and what does the Lord require of you
but to do justice, and to love kindness,
    and to walk humbly with your God?

“To do justice and to love kindness” are requirements that God has for us to carry out to other humans. The word kindness in Hebrew is hesed which literally means loyalty; “love loyalty,” I remember asking a mentor, who was a VP at a tech company in Florida, what he looked for in new hires. He said, “I used to look for competency, but after pouring into new employees, only for them to leave because of a better offer from another company, I decided to look for loyalty.” As a friend, I think it is the highest quality.

I first experienced that quality in Joel and I am forever thankful to him. I remember another time, as an adult when I was sitting in church after a weekend when I made several bad decisions, feeling the weight of my sin when the pastor read from Galatians 2:20. At the end of that passage it says, “And the life I now live in the flesh I live by faith in the Son of God, who loved me and gave himself for me.” That’s loyalty. That’s a friend of sinners. That’s my friend Jesus. I felt that warm feeling of friendship once again.

So who has been a friend to you? I would love to hear who you are owin’.

Posted by Rev. Owen Hughes with
in Bible

Wounds of the Resurrected Christ

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Senior Pastor of Oakwood Presbyterian Church

     Question: “In the 20th chapter of John, after Jesus was raised from the dead, He appears to His disciples and shows them nail prints in His hands and the wound in His side to prove that He was the same person who was crucified. If He had His resurrection body, why did His hands and side still have wounds?”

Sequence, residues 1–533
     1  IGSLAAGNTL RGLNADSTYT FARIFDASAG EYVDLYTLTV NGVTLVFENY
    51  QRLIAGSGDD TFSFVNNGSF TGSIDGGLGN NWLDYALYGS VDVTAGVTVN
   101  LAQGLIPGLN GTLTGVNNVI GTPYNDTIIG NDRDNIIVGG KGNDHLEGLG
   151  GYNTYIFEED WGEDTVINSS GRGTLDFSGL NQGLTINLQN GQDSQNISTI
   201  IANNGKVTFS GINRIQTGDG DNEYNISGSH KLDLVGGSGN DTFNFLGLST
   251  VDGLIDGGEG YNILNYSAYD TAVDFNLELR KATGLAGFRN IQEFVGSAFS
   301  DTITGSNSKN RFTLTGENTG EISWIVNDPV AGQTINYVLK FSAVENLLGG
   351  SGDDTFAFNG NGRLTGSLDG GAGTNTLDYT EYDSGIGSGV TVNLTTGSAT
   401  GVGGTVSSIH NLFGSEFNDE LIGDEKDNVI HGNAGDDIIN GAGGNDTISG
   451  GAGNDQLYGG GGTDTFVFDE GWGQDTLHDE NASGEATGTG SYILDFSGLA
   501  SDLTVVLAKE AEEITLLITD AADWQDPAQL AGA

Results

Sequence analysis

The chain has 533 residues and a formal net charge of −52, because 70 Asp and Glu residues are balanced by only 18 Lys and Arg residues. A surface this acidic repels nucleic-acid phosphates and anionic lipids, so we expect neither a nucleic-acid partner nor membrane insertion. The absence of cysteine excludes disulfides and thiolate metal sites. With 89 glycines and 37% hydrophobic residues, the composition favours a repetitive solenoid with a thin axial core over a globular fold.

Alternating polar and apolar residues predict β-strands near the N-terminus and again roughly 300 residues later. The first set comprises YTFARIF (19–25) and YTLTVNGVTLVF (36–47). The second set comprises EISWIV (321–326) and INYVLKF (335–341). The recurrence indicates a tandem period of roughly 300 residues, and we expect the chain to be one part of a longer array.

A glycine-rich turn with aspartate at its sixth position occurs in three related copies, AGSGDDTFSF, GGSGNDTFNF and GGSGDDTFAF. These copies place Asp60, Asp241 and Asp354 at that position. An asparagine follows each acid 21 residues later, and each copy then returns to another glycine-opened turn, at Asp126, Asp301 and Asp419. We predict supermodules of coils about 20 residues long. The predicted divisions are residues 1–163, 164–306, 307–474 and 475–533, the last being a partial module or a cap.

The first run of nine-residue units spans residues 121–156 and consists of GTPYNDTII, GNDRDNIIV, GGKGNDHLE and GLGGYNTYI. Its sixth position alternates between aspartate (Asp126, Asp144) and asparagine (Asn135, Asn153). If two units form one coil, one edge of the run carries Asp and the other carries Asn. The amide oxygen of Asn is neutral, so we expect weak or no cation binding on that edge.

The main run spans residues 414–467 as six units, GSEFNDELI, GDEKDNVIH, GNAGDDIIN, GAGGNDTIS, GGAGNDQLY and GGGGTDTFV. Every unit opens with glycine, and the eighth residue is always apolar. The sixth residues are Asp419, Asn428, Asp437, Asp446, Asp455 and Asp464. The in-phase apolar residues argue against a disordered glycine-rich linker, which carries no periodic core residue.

Answer: In 1 Corinthians 15 the Apostle Paul says that “…Christ has indeed been raised from the dead, the first-fruits of those who have fallen asleep.” Jesus was not just brought back to life in the same way that Jairus’ daughter or Lazarus, this resurrection body can never be touched by death again. He conquered death by His own power, once for all, and His resurrection body is a glorified form of the body which hung on the cross, changed, but yet in some ways the same. In the resurrection accounts, He isn’t readily recognized by the disciples who had lived with Him for three years, and He seems to have the power to suddenly appear and disappear. However, this resurrection body was material, a very real human body, only in a glorified form. He ate fish and could be touched by Mary and the disciples. He was the “first-fruits” because Paul says, we will all one day receive a similarly glorified version of our current bodies because of our faith in His death for our sins and His resurrection.

     But how could this perfected and glorified body of Christ still have the holes in His hands, feet, and side that were inflicted at the cross? Even our fallen, imperfect bodies heal rapidly… how could the disciple Thomas put his finger in the nail marks and his hand in Jesus’ side over a week after the resurrection? There is, of course, mystery here, but there can be no doubt that the wounds were not still open due to a defective or incomplete glorification of Christ’s body. Instead, these marks were left (temporarily?) on the body of Jesus for the very purpose which they serve in John 20 – as clear evidence to Thomas and the other disciples that this resurrected Jesus was the very same Master who taught them for three years and who was then beaten, mocked, and nailed to the cross. Otherwise, there would always have been a doubt in their mind about whether this wasn’t just some kind of apparition or imposter.

     These wounds were a sign of our salvation. The Lamb of God who takes away the sin of the world has been slain, and now He lives forever. He is the resurrection and the life. As C.H. Spurgeon said, “…those dear wounds continually prove the truth of the gospel, and the truth of our salvation by it. Incarnate Deity is a thought that was never invented by poet’s mind, nor reasoned out by philosopher’s skill. Incarnate Deity, the notion of the God that lived, and bled, and died in human form, instead of guilty man…is itself its own best witness. The wounds are the infallible witness of the gospel of Christ.”

Posted by Rev. Dan Kiehl with